September 14, 2001
Bad News Bears meets the kids of the Chicago projects. A baseball/drama starring Keanu Reeves as a two-bit gambler who is forced into coaching an inner-city Little League team in order to obtain a loan to reconcile a gambling debt. He garners a life-changing experience in the process. Uh, OK.
This R-rated September 14th release, based on a true story, is not a baseball version of Disney/Buena Vista's Remember the Titans. The irony behind Hardball is that the PC sensibilities of the easily offended have been shaken by the realistic screenplay dialogue of elementary school-aged kids who actually engage in regular and unabashed use of profanity, which is why those very same aged kids are excluded from an unfettered PG-13 access to the film.
Attached director Brian Robbins (Varsity Blues) lends little hope to the prospect of any significant revenues for Hardball, as Reeves has evidenced little impact upon box-office revenues or drawing power for any of his recent films lacking the word matrix in the title. If Hardball was a comedy, it might have a shot; but it's not, and it doesn't. (Cal Hubbard/BOP)
August 22, 2001
The official site is now fully operational, and apparently the film has been edited enough to be re-rated to PG-13. Since the language in the film had been the source of quite a bit of controversy in the Chicago area, expect this olive branch to draw positive attention to the film in one of its most targeted markets (Hardball is set in Cabrini Green).
Box Office Autopsy
Hardball brought levity to the box office when North America needed something to laugh about. Opening just three days after the 9/11 attacks, Hardball found a heartwarming niche that played well following the devastating attacks.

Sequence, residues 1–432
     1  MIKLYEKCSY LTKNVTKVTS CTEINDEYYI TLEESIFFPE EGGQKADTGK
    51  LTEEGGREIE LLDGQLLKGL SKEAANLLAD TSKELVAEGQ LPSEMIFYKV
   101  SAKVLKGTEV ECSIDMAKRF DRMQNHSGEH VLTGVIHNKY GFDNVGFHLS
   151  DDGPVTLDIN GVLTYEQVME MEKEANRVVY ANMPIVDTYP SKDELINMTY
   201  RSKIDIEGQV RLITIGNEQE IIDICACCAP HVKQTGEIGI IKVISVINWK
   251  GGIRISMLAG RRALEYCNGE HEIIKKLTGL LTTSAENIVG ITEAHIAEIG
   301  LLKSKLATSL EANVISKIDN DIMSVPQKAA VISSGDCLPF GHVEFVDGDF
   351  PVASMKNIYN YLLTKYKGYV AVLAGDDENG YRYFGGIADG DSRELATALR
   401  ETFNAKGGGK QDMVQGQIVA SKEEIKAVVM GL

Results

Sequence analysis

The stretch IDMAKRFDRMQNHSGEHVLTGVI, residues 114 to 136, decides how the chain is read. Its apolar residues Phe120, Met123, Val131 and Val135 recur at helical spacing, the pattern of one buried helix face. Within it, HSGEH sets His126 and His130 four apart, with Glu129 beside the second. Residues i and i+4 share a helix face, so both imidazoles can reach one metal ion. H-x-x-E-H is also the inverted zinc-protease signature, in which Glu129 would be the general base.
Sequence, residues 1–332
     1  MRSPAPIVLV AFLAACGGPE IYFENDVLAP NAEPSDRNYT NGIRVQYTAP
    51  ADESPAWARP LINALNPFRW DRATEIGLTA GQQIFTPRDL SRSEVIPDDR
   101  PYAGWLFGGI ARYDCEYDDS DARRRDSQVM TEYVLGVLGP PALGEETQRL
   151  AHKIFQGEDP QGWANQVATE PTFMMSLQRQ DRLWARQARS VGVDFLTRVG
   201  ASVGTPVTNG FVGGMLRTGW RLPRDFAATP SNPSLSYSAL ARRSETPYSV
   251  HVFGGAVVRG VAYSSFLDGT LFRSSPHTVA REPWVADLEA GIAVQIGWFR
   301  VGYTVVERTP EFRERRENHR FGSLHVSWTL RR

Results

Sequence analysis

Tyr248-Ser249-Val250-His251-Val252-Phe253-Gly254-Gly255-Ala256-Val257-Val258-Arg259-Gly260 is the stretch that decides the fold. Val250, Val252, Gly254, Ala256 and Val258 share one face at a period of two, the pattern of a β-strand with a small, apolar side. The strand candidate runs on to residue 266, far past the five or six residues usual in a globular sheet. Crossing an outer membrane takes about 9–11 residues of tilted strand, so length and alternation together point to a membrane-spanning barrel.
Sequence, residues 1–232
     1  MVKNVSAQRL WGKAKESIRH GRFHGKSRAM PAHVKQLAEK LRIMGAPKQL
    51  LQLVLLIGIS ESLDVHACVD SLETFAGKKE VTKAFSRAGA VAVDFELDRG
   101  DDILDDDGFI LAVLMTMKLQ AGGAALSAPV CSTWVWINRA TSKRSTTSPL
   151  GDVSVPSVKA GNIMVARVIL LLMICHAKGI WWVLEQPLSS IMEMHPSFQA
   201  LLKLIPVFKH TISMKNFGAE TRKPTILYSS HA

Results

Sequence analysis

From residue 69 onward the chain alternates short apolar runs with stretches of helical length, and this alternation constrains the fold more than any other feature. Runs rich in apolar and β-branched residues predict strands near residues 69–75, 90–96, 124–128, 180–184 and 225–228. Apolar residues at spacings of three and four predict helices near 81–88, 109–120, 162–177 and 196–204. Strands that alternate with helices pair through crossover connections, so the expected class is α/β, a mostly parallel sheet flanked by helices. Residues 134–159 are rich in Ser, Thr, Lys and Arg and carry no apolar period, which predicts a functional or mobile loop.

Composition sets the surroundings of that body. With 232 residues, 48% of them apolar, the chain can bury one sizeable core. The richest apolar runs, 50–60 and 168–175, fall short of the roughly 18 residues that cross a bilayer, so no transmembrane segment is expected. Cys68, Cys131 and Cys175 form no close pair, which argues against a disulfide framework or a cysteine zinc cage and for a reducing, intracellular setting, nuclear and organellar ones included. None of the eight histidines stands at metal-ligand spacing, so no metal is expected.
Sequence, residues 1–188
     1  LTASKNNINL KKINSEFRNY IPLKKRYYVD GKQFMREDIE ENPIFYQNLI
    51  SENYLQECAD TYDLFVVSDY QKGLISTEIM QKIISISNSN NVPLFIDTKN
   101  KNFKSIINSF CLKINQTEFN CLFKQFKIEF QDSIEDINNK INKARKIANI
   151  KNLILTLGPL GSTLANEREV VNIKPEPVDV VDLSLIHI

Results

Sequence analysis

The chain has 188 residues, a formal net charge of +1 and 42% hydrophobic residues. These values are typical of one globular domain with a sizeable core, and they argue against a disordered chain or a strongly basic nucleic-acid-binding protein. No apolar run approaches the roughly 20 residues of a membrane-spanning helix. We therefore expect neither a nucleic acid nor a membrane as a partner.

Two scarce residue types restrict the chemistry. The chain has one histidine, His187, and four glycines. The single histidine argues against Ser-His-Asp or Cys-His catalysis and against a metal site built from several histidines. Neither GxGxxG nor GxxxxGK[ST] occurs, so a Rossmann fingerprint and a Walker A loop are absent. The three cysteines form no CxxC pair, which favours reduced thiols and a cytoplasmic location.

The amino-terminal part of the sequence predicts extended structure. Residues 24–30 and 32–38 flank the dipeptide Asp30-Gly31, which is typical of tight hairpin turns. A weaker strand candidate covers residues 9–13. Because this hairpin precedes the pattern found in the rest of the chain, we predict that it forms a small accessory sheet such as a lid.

Paramount's Hardball opened on Sept. 14, 2001 at a slim 2,137 venues. However, because all sporting events had been cancelled for the weekend, Hardball still played well, grossing $9.4 million in its first three days. The film had a not-bad opening weekend venue average of $4,392, but the good news for Paramount was still to come. No, Keanu didn't win an Oscar for his performance as the reluctant coach of an inner-city baseball team, but the film did drop only 14% in its second weekend; it was Keanu's best second weekend hold of his career. It grossed $8.1 million on its second frame after Paramount added 73 screens. The film didn't have a weekend drop above 40% until it was grossing in the low hundreds of thousands. The film had a humor and warmth that people attached themselves to, and Hardball became a word of mouth semi-hit. The production cost for Hardball was only $21 million and Paramount almost doubled there money with a final domestic gross of $40.2 million.
Hardball continued the somewhat-hot streak for Paramount in the summer/fall of 2001. The company had made money on Lara Croft: Tomb Raider, The Score, Rat Race and now Hardball. Final grosses for those four films reached $300 million, while costs for the four were only $229 million.
Comparison films for Hardball
|Remember the Titans
|Any Given Sunday
|Major League 2
|Major League: Back to the Minors